On August 2, 1971, at the end of the last EVA of the Apollo 15 mission, Commander David Scott took a few minutes to conduct a classic science experiment in front of the TV camera that had been set up just outside the LM Falcon at the Hadley Rille landing site. Scott, a former Air Force pilot, recreated a famous demonstration often attributed to Galileo (which may or may not have actually been performed by the astronomer in Pisa in 1586) that shows how objects of different masses react the same way to gravity when dropped – that is, they fall at the same rate.
By performing the “acceleration test” in the vacuum environment of space (but where there is still an observable downward pull of gravity) the Earthly factor of air resistance is negated – especially on such a low-mass and low-density object as a falcon feather – thereby creating a more “pristine” setting for the centuries-old experiment than could ever be achieved here.
Got the Monday back-to-work blues? Upset by bad news headlines? Concerned about a potential future President Trump? Take a couple of minutes and watch this.
This video, published by The Royal Institution on YouTube in Dec. 2015 and shared again on Twitter today, features an adorable animation about spaceflight with narration taken from a lecture given by Carl Sagan in 1977.
At that time it had been five years since humans had last walked on the Moon, the first Space Shuttle flight was still three and a half years away and the Voyagers had only just passed the orbit of Mars. But Sagan’s confidence and enthusiasm about the future of space exploration and human spaceflight is as inspirational now as it was then…let us continue to remember his words and pass along his message to each new generation that looks up and wonders “what’s out there” and, more importantly, “can I go?”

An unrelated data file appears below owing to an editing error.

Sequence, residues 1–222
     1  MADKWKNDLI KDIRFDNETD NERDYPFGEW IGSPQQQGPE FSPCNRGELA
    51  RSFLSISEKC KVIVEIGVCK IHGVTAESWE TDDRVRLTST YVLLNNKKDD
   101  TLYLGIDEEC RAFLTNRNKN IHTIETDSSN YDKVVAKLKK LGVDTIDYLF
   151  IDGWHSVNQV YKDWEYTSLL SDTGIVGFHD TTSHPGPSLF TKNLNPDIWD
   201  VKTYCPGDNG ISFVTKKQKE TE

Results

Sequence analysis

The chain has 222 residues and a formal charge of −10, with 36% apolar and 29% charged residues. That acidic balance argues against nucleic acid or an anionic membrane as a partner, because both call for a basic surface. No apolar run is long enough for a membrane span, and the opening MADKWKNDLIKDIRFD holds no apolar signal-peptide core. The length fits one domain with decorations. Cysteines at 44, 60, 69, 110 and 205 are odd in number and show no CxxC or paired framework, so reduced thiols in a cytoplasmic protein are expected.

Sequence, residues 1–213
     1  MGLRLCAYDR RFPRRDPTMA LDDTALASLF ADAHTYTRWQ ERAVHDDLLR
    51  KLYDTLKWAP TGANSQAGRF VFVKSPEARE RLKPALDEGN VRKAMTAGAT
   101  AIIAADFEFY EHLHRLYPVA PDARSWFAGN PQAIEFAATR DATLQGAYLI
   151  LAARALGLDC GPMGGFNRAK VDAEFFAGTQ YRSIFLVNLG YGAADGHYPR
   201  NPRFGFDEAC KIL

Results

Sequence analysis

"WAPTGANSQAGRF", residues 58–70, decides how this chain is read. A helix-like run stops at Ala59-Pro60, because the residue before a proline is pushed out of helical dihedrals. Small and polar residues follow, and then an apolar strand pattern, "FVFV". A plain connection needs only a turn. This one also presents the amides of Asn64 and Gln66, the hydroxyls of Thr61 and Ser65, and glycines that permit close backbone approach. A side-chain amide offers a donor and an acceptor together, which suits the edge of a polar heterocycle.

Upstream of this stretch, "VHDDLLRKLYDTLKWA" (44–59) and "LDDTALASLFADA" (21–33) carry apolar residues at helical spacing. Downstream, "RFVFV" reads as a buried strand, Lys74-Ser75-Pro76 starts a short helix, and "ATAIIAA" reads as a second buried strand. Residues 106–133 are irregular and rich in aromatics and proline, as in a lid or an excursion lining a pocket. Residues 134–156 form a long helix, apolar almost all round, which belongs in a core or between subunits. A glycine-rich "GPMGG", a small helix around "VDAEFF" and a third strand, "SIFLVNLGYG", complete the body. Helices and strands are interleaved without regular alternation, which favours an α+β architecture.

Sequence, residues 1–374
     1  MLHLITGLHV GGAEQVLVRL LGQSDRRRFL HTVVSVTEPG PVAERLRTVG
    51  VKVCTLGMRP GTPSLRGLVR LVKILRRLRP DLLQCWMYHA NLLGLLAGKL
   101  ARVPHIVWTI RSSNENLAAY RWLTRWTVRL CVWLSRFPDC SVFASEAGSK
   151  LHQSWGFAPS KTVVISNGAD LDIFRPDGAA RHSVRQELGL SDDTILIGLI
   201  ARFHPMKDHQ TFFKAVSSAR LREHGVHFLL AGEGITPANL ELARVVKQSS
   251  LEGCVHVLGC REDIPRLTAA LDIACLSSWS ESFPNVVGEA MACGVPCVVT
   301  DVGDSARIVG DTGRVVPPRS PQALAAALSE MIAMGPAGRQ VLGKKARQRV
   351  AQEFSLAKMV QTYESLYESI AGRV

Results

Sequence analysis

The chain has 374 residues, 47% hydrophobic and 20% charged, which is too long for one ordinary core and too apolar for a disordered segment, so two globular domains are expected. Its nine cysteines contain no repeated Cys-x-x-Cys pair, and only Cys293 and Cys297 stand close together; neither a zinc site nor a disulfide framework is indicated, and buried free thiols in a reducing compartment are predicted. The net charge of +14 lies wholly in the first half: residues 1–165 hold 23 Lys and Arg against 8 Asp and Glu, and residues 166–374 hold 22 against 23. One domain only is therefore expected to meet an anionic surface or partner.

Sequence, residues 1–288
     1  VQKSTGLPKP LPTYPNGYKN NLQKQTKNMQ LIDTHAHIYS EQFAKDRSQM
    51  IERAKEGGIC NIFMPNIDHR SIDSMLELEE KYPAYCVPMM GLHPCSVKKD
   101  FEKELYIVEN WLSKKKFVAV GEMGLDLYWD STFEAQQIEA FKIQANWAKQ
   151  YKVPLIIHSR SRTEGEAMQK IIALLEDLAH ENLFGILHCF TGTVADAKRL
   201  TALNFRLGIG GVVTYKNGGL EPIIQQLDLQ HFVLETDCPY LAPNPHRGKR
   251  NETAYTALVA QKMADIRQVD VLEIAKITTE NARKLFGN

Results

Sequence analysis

“Artifacts from Earth are spinning out into the cosmos. I believe the time will come when most human cultures will be engaged in an activity you might describe as a dandelion going to seed.”
— Carl Sagan, 1977
When you look up at a full or full-ish Moon you can’t help but notice the large dark spots that mark its Earth-facing side. These form the face of what many call the “Man in the Moon” (or the body of a Moon rabbit, to others) and are individually called mare (“MAR-ay”) which is the Latin word for sea. Early astronomers thought they were bodies of water, but in reality they are solidified dark lava flows from ancient lunar impact events that occurred several billion years ago.
One of the biggest lunar seas, Mare Imbrium (see above), had for a while been thought to have been created by the impact of an asteroid or meteorite somewhere around 50 miles across, based solely on computer models.
Now, research conducted by Brown University professor Dr. Peter Schultz—a specialist in lunar and planetary impacts—indicates that the object that formed Mare Imbrium was likely more massive and of much larger size than once thought…perhaps even as big as 190 miles wide.
Everyone knows that Apollo 11 commander Neil A. Armstrong was the first human to set foot on the Moon (and if you didn’t know, that occurred on July 20, 1969 – yes, it really happened). It was a momentous, history-making event that many (like myself) consider one of the most impressive achievements of humankind. But oddly enough, even with high-resolution Hasselblad film cameras there on location, there are very few photos showing Armstrong himself on the surface of the Moon. In fact the one above, an otherwise very nice panorama captured by fellow Apollo 11 astronaut Buzz Aldrin, really is the best image in existence of Armstrong on the Moon.
So…why is that?